Dunbeg residents call for action ‘before someone gets seriously hurt’

The fallen lamppost (which has since been cordoned off) at Stewart Way was hit twice by motor vehicles according to the housing association responsible for the area.

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Residents of a new complex in Dunbeg are appealing to their housing provider to do something about the health and safety issues they have reported before someone is seriously injured or worse.

Calls for West Highland Housing Association (WHHA) to step up and fix the ongoing problems came after a lamppost fell over in Stewart Way on Saturday August 14, as children were playing in the street beside it.

Claire MacDonald, whose 11-year-old son was involved in a road traffic incident on the same street recently, is just one of several concerned parents.

‘It’s a lovely place to live but if someone doesn’t listen to us and come and fix these problems, we are afraid something awful is going to happen,’ she told The Oban Times.

That something nearly did on Saturday when the lamppost toppled slowly to the ground. Claire’s son witnessed it while another younger child got himself underneath it and tried to push it back up again.

Another resident said that the lamppost had been listing since a works vehicle reversed into it some time ago.

West Highland Housing Association say the lamppost was hit firstly ‘by a sub-contractor then made safe by another sub-contractor then hit again by a car a couple of weekends ago’.

A spokesperson added: ‘The main contractor has made it safe and cordoned it off so it is lying on the ground.

‘The sub-contractors insurers have been given a quote and the main contractor is waiting to hear from the insurers to accept the quote and it will be repaired once it has been agreed.’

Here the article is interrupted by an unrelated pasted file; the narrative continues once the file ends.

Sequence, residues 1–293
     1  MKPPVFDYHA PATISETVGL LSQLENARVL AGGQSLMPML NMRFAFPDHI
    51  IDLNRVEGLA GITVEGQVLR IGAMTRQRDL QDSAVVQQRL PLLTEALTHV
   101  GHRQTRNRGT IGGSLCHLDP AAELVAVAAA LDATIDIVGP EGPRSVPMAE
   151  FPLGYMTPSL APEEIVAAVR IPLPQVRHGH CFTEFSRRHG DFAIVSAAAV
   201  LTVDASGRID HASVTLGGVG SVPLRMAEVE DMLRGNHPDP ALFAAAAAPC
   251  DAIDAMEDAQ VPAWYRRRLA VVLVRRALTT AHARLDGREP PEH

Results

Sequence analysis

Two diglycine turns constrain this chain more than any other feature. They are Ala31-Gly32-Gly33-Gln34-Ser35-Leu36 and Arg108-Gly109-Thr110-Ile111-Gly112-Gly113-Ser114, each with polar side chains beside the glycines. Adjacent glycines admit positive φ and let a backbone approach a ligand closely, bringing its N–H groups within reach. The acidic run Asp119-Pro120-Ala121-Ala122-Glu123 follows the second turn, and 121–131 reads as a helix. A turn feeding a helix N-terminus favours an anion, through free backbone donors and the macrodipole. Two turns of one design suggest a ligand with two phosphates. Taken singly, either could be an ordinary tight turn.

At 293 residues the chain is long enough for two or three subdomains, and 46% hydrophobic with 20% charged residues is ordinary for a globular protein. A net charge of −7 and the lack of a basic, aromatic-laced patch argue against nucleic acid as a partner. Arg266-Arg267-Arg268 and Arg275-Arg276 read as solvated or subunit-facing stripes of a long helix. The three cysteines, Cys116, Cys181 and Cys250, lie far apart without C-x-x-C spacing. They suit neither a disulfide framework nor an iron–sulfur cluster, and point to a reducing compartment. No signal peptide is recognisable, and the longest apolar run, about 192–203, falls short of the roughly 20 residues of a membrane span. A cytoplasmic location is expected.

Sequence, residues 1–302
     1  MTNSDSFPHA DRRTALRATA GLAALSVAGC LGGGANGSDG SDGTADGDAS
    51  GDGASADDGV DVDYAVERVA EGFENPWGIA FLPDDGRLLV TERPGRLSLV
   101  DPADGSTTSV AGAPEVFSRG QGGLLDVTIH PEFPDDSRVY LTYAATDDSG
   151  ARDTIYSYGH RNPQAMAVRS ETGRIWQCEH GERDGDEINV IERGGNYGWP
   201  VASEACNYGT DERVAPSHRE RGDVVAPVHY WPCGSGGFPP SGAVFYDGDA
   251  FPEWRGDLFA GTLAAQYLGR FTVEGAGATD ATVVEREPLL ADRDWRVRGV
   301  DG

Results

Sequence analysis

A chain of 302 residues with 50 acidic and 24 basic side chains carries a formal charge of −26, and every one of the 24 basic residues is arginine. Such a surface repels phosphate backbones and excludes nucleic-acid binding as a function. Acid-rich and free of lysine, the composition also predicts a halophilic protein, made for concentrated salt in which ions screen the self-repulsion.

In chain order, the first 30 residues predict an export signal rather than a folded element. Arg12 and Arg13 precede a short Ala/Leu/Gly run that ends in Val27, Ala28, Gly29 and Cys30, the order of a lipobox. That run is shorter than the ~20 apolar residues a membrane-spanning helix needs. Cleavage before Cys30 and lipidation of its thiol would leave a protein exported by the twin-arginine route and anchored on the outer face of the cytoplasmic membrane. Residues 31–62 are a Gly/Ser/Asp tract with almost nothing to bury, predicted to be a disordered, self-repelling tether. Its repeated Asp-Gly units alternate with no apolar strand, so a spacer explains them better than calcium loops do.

In July, Claire and her partner Kenny Ahmed blamed the new-style ‘pedestrianised’ road in part for their son’s accident and feel it is partly to blame for this latest incident too.

‘If the pavement had been raised the van probably wouldn’t have hit the post in the first place,’ she said.

She and Kenny, along with other parents in the neighbourhood, say they have asked WHHA to fit gates at the end of the alleyways between houses to make it difficult for younger children to run out onto the road.

They say the design of the area at the front of their houses makes it unclear to youngsters and confusing for motorists as to where the road starts and the pavement ends.

WHHA say: ‘The play area is designed as an integral play space within the development and does not require a gate according to the design guides.

‘The access to the play area is quite remote from vehicle spaces and we are erecting signage to encourage vehicle drivers to drive slowly within the shared spaces.’

‘This is a new layout for residents in this area and it will take time for people to get used to the different open spaces but it has been designed in accordance with the Designing Streets criteria set out as a requirement of the Scottish Government who have contributed substantial funding to the new development.’

In addition, residents say the lampposts haven’t been installed at the correct depth with the arrowed indicators on the bottom appearing well above the ground.

‘Streetlights in Young Crescent haven’t even got lamps at the top of them, leaving residents there in darkness,’ added another tenant while the playpark is still lacking a rubbish bin that we were promised weeks ago.’

The housing association spokesperson said they weren’t aware of anyone within WHHA confirming bins would be provided and that no bins had been proposed for the play areas as emptying bins added to the service charges of residents and that they hoped people would take rubbish home to dispose of it.